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Naturally, we all want to raise happy and healthy kids. However, we all know that communicating with children includes more than just talking to them.
At some point, every parent would welcome help or useful advice on dealing with common parenting challenges and problems. So, let’s try to learn to communicate effectively.
Communication with children
It is essential that what you say gets through to your kids, and you should make sure they really understand what you are saying. In order to have truly effective communication, there has to be an exchange of thoughts, ideas, and feelings from one mind to another. The greatest amount of stress on the lines of communication between parents and their children come during the period of their adolescence, also known as the teen years. Numerous things go into establishing and keeping the lines of communication operating properly. Before a baby can understand speech, parents must communicate to it feelings of security and love. If this continues as the child grows, then it will help strengthen the lines of communication between you and your kids. Of course, we all know this is not easy. One thing that you must do at a young age is encourage your child to be expressive, a very important factor of a happy life.
Children have a need to learn and they crave the attention and time of their parents. A child may burst into the room and excitedly begin relating some event to his father or mother. If we cut the child off with an irritated voice or make some other angry expression, their enthusiasm will be crushed. Childish chatter may not seem to convey much, but by encouraging natural expression from your children, you may prevent them later in life from keeping to themselves things that you want and need to know. Politeness and courtesy contribute to good and effective communication with your kids.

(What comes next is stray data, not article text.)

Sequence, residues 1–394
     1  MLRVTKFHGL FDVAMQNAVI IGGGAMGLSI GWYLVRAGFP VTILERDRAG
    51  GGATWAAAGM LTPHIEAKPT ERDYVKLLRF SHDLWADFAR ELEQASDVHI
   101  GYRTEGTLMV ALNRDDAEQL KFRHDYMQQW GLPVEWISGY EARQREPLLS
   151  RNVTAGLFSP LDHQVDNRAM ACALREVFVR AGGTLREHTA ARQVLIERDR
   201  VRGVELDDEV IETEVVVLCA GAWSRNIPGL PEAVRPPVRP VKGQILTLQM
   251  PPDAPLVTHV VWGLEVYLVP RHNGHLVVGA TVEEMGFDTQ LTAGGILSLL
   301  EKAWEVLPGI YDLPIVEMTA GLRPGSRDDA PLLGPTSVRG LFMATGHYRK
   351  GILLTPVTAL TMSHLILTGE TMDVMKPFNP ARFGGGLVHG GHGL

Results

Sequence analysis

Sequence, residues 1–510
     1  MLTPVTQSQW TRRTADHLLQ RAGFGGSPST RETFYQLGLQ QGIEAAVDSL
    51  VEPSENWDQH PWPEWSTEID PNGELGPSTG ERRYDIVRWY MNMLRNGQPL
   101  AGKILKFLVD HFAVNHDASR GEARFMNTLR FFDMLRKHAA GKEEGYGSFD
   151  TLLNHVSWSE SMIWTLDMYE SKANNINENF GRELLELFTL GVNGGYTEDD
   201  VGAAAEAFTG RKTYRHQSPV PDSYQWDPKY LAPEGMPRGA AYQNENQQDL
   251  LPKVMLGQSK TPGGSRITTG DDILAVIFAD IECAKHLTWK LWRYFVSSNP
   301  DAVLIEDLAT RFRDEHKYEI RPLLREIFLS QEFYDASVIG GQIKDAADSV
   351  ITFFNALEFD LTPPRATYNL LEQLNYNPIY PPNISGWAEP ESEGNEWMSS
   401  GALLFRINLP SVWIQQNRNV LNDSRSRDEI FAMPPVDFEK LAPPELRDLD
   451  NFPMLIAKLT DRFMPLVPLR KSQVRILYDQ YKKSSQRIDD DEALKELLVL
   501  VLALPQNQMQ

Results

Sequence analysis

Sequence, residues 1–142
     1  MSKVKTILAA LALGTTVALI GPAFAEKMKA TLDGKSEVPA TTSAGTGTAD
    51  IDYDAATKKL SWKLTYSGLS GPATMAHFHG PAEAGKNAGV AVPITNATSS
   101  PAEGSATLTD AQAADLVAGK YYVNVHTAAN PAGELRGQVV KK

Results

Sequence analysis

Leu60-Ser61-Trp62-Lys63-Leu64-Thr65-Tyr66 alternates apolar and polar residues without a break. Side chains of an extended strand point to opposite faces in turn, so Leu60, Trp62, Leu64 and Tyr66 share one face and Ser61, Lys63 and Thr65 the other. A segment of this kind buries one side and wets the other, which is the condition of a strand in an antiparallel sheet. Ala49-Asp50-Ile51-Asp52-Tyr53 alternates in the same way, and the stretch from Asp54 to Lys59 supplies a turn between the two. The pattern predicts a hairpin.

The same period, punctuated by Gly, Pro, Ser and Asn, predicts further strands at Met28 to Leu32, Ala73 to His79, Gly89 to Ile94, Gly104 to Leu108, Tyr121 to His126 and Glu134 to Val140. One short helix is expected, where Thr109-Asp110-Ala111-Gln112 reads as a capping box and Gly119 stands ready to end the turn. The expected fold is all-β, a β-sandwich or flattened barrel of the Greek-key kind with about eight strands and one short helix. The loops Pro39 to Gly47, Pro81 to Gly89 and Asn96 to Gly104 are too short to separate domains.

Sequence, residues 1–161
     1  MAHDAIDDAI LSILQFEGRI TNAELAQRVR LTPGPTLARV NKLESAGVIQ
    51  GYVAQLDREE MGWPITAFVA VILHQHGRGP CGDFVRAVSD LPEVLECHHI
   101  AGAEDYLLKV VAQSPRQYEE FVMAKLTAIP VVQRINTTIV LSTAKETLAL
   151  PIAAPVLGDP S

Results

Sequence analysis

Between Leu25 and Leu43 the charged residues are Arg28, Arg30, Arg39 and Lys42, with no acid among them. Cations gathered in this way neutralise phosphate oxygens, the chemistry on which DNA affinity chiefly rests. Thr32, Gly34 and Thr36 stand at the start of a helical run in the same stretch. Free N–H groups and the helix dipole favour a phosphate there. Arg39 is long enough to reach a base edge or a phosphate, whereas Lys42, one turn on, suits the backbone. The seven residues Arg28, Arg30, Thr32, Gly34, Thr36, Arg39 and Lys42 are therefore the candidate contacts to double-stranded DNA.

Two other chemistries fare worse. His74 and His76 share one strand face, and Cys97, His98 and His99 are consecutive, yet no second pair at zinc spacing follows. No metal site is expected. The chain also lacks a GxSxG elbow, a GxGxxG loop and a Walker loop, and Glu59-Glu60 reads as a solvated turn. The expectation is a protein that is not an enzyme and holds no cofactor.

In order for children to learn to be polite, their parents have to set a good example first. Once they see parents as a good example, they will probably follow it. However, if children are habitually cut off, or continually corrected and ridiculed by their parents, they are more likely to become withdrawn. They are also likely to go and talk to someone else about their problem. As your child grows older this will become more common, especially in their teenage years.
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